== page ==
Finally, in contrast to previous studies, we found systematic gender differences in field-specific ability beliefs, with women being less reluctant than men to endorse brilliance-related statements. We also found higher levels of belonging uncertainty in women than in men, as well as a positive correlation between belief in brilliance and belonging uncertainty for both genders. These findings will be discussed in detail in the next section.
Belief in Brilliance and Belonging Uncertainty
To the best of our knowledge, our study is the first showing that the more students believe that innate talent is a prerequisite for success in their field of study, the more likely they are to experience belonging uncertainty. This means that they are less likely to think that they actually do belong in their chosen field. The correlation was small (around r = 0.19 for both genders), which would be expected given the many possible factors that could influence students’ perception of “belonging” to their chosen field of study. Nevertheless, we consider our result relevant, as belonging uncertainty is a plausible mechanism by which belief in brilliance could influence the paths that men and women chose for their future careers inside or outside of STEM fields.
Correlation does not imply causation. On the one hand it may be that the more students believe that success in their field depends on raw talent, the more anxious they feel about the amount of talent that they actually possess and the less certain they are that it will suffice to succeed in their studies, resulting in increased belonging uncertainty. The belief that academic success depends on talent, which cannot be increased and thus is largely out of one’s control, corresponds to a “fixed,” or entity theory of talent (cf. Dweck, 2007; Yeager and Dweck, 2012). Thus, the correlation between belief in brilliance and belonging uncertainty may have been mediated by students’ belief in an entity theory of talent.
On the other hand, students experiencing failures (e.g., trouble keeping up with coursework), or negative stereotypes (e.g., “women are not smart enough to succeed in this field”) early in their course of study may develop the hypotheses that (a) their chosen field requires prerequisite talent out of their reach, and therefore (b) is not be the field in which they actually belong. Thus, students searching explanations for their failures and struggles may have developed both stronger beliefs in brilliance and stronger belonging uncertainty.
While the magnitude of the correlation between students’ beliefs in brilliance and their belonging uncertainty was similar for both genders, women reported higher levels of both variables than men did. As the score assessing belief in brilliance included several reverse coded items, this finding is unlikely to merely reflect a tendency of women choosing more affirmative answers than men. Also, the gender difference was found in 4 out of 5 of the surveyed departments (see Table 1). Thus, it cannot result from the overrepresentation of students from fields with a high emphasis on brilliance in our female sample. According to the two explanations developed in the last paragraph, we cannot exclude the possibility that the women in our sample had a more “fixed” theory of talent a priori. This may have made them more anxious about their own talent, and thus they were less certain to belong to their chosen field.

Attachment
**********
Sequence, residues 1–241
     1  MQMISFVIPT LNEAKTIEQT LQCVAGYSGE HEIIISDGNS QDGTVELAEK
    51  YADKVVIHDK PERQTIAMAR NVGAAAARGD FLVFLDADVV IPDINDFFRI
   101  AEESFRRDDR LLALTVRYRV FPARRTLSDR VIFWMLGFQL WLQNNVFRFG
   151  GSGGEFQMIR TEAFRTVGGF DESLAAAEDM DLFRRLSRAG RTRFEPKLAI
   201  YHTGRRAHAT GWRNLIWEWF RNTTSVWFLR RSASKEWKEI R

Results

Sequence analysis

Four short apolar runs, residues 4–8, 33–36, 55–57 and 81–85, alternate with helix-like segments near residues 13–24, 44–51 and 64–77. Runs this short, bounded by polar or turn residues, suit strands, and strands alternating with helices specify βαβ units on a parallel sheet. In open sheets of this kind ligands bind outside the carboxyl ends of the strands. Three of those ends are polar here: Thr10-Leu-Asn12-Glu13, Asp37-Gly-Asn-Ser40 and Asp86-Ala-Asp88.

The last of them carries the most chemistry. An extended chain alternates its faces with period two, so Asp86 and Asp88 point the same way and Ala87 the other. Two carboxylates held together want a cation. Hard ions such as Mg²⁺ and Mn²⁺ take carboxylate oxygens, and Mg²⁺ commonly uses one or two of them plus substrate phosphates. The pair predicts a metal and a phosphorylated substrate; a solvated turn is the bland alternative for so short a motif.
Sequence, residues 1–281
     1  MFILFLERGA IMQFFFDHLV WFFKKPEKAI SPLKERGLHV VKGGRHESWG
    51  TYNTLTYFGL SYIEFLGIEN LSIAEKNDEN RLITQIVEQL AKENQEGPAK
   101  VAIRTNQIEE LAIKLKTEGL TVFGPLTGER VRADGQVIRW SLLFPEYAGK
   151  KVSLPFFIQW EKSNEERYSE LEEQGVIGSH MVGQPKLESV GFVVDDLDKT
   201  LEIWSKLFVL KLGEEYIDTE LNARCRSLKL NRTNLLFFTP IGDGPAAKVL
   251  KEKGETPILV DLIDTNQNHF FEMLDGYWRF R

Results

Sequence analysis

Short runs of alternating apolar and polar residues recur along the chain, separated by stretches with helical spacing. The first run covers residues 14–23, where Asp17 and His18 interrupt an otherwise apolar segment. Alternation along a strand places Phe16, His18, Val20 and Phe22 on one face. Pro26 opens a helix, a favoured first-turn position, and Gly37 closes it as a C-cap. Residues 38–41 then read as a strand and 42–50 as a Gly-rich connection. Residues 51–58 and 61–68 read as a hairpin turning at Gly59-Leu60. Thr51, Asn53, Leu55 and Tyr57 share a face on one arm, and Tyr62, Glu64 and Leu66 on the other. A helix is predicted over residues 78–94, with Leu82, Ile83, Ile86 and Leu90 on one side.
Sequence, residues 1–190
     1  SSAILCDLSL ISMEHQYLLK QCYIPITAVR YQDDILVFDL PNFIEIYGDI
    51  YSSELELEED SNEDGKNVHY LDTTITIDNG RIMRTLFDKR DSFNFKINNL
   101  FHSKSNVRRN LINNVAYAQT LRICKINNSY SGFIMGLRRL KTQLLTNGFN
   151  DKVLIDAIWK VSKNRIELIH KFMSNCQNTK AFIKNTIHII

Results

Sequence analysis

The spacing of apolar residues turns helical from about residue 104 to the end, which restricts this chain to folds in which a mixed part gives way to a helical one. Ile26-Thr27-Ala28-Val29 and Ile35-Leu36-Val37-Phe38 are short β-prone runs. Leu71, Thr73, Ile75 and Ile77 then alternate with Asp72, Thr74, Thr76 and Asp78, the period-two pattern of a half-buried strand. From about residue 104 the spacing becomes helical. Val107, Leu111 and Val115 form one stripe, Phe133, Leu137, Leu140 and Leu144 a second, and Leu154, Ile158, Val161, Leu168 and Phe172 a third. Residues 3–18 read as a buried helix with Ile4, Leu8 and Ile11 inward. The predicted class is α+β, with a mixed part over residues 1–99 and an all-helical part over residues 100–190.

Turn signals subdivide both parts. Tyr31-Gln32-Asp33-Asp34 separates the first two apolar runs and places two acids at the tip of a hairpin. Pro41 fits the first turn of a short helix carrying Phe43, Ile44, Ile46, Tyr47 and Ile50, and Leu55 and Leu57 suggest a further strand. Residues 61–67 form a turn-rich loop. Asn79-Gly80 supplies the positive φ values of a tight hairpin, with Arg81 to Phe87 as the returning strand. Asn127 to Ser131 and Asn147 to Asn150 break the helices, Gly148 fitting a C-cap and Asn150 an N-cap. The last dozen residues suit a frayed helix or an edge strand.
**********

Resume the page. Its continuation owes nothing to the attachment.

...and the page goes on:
On the other hand, women may also have experienced more failures during their first weeks of study than men did, leading them to report higher levels of belonging uncertainty, and making them more likely to assume that their chosen field requires levels of innate talent of which they do not dispose. Finally, experiencing failure and/or bias may have led women to activate negative stereotypes about their gender. Consequently, they may have developed the belief that they lack essential talents for being successful in their chosen field because of their gender. Therefore, they may have been less likely to reject brilliance-related statements than men are, and more likely to experience belonging uncertainty (cf. Walton and Cohen, 2007). However, no conclusive inferences concerning the reason for women’s higher belonging uncertainty and higher beliefs in brilliance can be drawn based on the obtained data. In future studies, in addition to assessing field-specific ability beliefs and belonging uncertainty, it would therefore be interesting to assess students’ implicit stereotypes about science and gender, their goal orientations and attribution patterns, and their experiences of successes, failures, and obstacles (including negative stereotypes) during their studies.